Silently disregarding their disappointing qualities, their stupidity, cowardice and lack of trust, He came back to them in a pure impetus of charity; came down to their level as one that serveth, making visible the Invisible Love, and gave the guarantees which their petty standards demanded and their narrow souls could apprehend. Thus, by this unblemished courtesy, “binding His majesty to our lowliness,” as the Byzantine liturgy says, He restored their faith, hope and charity; and gave them an example only less searching in its self-oblivious gentleness than the lesson of the washing of the feet.

Even their own fragmentary notes of what happened, or seemed to them to happen, shame and delight us by their witness to the splendour and humility of generous love. “My Lord!” says St. Thomas, seeing, touching, and measuring the Holiness so meekly shown to him in his own crude terms; and then, passing beyond that sacramental revelation to the unseen, untouched, unmeasured, uttering the word every awakened soul longs to utter—” My God! “The very heart of the Christian revelation is disclosed in that scene.

So it is that the real mark of spiritual triumph - the possession of that more lovely, more abundant life which we discern in moments of deep prayer - is not an abstraction from this world, but a return to it; a willing use of its conditions as material for the expression of love. There is nothing high-minded about Christian holiness. It is most at home in the slum, the street, the hospital ward: and the mysteries through which its gifts are distributed are themselves chosen from amongst the most homely realities of life.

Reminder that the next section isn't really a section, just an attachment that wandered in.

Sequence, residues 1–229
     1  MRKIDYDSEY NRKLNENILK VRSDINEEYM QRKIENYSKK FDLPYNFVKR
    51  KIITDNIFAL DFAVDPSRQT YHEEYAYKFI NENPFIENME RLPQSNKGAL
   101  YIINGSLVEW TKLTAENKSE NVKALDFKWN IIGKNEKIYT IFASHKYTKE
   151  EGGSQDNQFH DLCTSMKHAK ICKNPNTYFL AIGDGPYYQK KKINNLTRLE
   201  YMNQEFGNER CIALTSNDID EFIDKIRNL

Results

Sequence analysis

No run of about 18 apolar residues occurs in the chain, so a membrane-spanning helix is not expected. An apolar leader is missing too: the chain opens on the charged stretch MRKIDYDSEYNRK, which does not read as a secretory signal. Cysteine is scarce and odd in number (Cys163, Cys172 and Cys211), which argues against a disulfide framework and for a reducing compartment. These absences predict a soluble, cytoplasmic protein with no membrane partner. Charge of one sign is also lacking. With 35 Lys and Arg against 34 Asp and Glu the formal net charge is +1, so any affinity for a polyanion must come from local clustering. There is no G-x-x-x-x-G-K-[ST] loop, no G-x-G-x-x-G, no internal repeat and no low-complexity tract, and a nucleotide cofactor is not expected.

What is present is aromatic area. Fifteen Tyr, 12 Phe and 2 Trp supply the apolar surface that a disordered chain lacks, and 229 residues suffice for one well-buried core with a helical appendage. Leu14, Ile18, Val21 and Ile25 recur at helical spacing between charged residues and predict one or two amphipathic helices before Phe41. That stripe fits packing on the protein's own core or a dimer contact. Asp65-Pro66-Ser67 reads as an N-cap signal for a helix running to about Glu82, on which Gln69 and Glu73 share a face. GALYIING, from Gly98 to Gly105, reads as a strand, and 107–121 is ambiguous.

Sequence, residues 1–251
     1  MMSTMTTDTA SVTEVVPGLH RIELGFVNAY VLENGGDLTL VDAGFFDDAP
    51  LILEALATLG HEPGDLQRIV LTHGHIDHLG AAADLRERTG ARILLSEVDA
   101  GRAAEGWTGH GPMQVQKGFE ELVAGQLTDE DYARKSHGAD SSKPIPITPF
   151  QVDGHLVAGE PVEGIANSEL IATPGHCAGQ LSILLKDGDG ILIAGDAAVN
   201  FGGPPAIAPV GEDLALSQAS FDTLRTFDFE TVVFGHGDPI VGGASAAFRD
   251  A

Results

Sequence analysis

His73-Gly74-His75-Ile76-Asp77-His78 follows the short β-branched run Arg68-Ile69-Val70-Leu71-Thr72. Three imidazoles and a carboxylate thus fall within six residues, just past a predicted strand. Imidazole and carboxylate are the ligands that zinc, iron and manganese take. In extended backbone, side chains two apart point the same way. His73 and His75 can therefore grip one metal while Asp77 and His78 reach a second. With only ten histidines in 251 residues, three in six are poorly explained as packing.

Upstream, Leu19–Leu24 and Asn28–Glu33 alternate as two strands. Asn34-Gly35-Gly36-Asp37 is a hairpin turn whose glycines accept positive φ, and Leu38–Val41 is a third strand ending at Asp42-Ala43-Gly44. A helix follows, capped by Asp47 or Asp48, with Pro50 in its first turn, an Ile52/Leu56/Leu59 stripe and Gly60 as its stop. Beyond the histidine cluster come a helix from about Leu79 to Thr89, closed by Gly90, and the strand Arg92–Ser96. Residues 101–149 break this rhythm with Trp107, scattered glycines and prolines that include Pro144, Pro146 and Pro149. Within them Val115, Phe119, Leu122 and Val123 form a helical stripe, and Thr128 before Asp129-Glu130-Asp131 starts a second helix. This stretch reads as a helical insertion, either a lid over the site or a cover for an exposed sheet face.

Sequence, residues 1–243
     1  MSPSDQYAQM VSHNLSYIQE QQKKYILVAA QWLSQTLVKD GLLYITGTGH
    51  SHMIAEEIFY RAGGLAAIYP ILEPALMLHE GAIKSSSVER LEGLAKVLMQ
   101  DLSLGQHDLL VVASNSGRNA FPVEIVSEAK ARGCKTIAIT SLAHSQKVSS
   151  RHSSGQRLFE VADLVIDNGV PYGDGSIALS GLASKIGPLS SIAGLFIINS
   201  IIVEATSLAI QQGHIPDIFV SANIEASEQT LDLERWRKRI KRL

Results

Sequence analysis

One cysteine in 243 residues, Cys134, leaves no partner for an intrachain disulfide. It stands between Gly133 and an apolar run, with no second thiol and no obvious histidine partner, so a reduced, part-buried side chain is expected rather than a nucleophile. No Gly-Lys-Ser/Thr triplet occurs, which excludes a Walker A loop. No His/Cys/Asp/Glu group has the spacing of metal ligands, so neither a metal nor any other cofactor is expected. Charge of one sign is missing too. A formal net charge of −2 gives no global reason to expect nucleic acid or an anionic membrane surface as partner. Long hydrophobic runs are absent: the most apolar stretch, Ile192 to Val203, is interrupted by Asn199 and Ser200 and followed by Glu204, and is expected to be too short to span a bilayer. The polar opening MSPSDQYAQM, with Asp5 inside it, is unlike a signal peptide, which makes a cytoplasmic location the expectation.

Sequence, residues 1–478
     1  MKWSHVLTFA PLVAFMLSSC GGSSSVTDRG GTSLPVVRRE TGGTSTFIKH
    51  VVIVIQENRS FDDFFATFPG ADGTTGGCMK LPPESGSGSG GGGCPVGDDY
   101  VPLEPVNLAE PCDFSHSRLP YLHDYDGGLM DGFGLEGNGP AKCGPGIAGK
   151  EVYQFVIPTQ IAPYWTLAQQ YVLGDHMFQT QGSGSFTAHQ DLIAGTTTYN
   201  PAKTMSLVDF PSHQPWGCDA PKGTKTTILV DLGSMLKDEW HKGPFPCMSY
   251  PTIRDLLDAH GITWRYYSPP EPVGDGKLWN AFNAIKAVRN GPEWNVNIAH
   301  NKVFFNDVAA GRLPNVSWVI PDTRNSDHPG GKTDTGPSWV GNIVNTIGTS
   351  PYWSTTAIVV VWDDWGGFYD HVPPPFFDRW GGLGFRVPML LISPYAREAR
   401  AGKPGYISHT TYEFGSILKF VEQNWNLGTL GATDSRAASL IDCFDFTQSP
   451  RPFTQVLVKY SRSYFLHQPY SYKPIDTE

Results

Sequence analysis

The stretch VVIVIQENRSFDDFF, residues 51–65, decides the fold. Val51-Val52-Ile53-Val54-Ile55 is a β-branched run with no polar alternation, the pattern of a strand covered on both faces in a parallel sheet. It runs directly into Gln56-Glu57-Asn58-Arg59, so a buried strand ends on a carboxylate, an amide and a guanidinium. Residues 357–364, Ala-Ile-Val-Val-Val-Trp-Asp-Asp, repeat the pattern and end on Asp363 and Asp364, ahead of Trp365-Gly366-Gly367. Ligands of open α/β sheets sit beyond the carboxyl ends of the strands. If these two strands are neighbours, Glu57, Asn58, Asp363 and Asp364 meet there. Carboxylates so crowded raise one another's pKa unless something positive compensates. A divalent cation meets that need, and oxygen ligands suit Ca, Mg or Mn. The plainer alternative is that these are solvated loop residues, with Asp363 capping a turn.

A little water, some fragments of bread, and a chalice of wine are enough to close the gap between two worlds; and give soul and senses a trembling contact with the Eternal Charity. By means of these its creatures, that touch still cleanses, and that hand still feeds. The serene, unhurried, self-imparting which began before Gethsemane continues still. Either secretly or sacramentally, every Christian is a link in the chain of perpetual penitents and perpetual communicants through which the rescuing Love reaches out to the world. Perhaps there is no more certain mark of a mature spirituality than the way in which those who possess it are able to enter a troubled situation and say, “Peace,” or turn from the exercise of heroic love to meet the humblest needs of men.